iFi GO bar


100+ Head-Fier
Feature packed
Pros: Very good power delivery on mid and high impedance drivers
Above average power delivery on low impedance drivers
Good balanced output sound quality
MQA full-decoding
Four selectable reconstruction filter options
Built-in IEMatch
XBass and XSpace features
Selectable High Gain
Cons: High host power demand, not USB2 compliant
Host Volume Sync buggy on Windows, not supported on Linux.
Unimpressive single-ended output sound quality
“Yellow” LED light too easily confused with “White”
Uncommon IEMatch settings, limited benefits
GO Bar is iFi Audio’s first and long awaited take on a battery-less mobile dac-amp (a “dongle”).

As I will try to outline, from multiple standpoints GO Bar fully partakes into iFi’s overall general product philosophy both in terms of components and general application. It promises outstanding results, and surely comes with a price tag (€ 329 in EU) positioning it at the top market level. It can as always be purchased directly from iFi, on their Amazon space, or from one of their distributors around the world.

Features and description


GO Bar’s housing shape recalls that of their Nano / Micro iDSD line – just many times smaller. Within the “dongle” category, GO Bar falls more or less midway in terms of dimensions and weight: 65x22x13mm and most of all 28.5g are not certainly huge yet not entirely disregardable either when I have GO Bar connected to my transport. It’s more than twice the size and weight than an E1DA 9038S, yet much smaller and lighter compared to a Groove.

On one small ends we find two phone outs, on the opposite end a USB-C connector. On one of the long sides there are two + and – buttons, another multifunction button, and a microswitch dedicated to IEMatch.

Finally, on the bottom face there’s a raw of 9 little holes corresponding to as many LEDs, with engravings already hinting about those being dedicated to signaling which PCM sample rate is being played, or if DSD is being received, whether MQA is being detected and finally wheter XSpace and/or XBass+ are activated.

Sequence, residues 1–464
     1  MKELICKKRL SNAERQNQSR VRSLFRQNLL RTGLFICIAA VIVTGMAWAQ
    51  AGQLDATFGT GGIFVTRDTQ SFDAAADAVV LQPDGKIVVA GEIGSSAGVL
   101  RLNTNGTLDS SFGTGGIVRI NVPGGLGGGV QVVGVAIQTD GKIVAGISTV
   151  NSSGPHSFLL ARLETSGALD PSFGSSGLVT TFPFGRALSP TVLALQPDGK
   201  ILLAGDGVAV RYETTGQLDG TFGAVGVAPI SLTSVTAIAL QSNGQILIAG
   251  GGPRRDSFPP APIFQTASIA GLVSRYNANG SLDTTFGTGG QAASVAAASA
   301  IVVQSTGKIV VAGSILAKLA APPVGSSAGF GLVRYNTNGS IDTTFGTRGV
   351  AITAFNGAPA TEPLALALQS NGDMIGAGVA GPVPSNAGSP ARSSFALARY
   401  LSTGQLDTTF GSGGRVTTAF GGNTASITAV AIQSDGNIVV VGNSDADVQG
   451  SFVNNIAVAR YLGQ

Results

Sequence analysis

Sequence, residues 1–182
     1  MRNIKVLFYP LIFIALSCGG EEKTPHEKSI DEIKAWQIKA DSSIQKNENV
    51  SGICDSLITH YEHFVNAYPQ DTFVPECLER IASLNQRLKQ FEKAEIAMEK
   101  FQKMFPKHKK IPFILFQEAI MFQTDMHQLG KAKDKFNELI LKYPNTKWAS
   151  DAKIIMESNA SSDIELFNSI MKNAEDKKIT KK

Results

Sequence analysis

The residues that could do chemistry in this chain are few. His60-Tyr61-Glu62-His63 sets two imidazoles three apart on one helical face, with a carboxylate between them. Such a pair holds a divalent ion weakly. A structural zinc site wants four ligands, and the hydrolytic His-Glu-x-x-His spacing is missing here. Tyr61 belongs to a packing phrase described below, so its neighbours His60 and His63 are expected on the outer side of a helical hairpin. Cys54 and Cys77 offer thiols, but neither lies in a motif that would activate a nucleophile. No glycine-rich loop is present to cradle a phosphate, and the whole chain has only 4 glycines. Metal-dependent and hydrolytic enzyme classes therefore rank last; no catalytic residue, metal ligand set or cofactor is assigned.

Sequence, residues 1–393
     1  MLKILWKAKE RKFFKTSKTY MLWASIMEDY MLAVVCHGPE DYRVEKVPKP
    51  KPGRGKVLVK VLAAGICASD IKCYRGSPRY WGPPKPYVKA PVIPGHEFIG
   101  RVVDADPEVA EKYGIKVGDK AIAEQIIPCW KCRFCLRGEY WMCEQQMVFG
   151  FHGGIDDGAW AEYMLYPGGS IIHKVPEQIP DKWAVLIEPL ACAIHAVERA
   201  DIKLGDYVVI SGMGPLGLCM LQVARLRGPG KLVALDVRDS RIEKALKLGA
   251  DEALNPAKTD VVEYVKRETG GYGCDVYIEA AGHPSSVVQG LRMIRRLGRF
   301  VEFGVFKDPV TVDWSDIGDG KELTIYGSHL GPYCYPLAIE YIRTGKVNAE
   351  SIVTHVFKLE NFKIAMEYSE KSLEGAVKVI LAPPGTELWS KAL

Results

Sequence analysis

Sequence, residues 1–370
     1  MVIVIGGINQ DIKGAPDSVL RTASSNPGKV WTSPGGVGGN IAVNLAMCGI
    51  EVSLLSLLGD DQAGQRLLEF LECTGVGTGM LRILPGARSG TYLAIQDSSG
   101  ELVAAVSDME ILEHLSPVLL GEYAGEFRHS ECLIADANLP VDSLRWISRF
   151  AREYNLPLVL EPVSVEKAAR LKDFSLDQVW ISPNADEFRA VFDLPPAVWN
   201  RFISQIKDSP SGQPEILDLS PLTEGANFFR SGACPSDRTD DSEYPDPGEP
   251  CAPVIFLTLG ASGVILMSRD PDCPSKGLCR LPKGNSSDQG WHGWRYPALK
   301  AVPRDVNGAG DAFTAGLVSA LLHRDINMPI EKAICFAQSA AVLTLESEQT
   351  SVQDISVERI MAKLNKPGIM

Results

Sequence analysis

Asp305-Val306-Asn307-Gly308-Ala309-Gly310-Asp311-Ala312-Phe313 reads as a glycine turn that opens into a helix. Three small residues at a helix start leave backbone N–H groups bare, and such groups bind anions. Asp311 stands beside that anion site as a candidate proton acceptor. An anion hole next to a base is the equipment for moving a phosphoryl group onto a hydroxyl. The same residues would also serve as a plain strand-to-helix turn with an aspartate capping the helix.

GO Bar is supplied in a small size carton box with adequate internal protections. The bundle is quite generous insofar as it includes a USBC-USBC short cable, a Lightning-USBC cable, a USBC-USBA adapter and a black leather pouch with enough room for the GO Bar itself plus at least one of such cables.


iFi traditionally offers quite some macroscopical information about the contents of their devices, but scarce or no fine details about them.

USB communication is taken care by a XMOS 16bit chip, which I would call an obviously good – for quality – and at the same time brave choice – when I think to the power that element alone requires to operate.

Unlike many other iFi DAC devices, “traditionally” equipped with Burr-Brown DAC chips, GO Bar is built around a 32bit Cirrus Logic DAC chip. The rest of the components are coming from the usual manufacturers normally enlisted by iFi: Murata and TDK capacitors, and Texas Instruments power supplies. I won’t go too much down through this as, in lack of better specifications coming from the manufacturers, I find this information to be useful essentially at the marketing level only.


GO Bar offers a single input, being the USB-C port which is therefore supposed to carry in both digital data and power.

The range of accepted digital resolutions is nothing short of extended:
  • PCM up to 32bit / 384MHz (ASIO drivers required on Windows to exceed 24bit / 192KHz)
  • DSD direct up to 256 (DSD-direct requires ASIO drivers on Windows)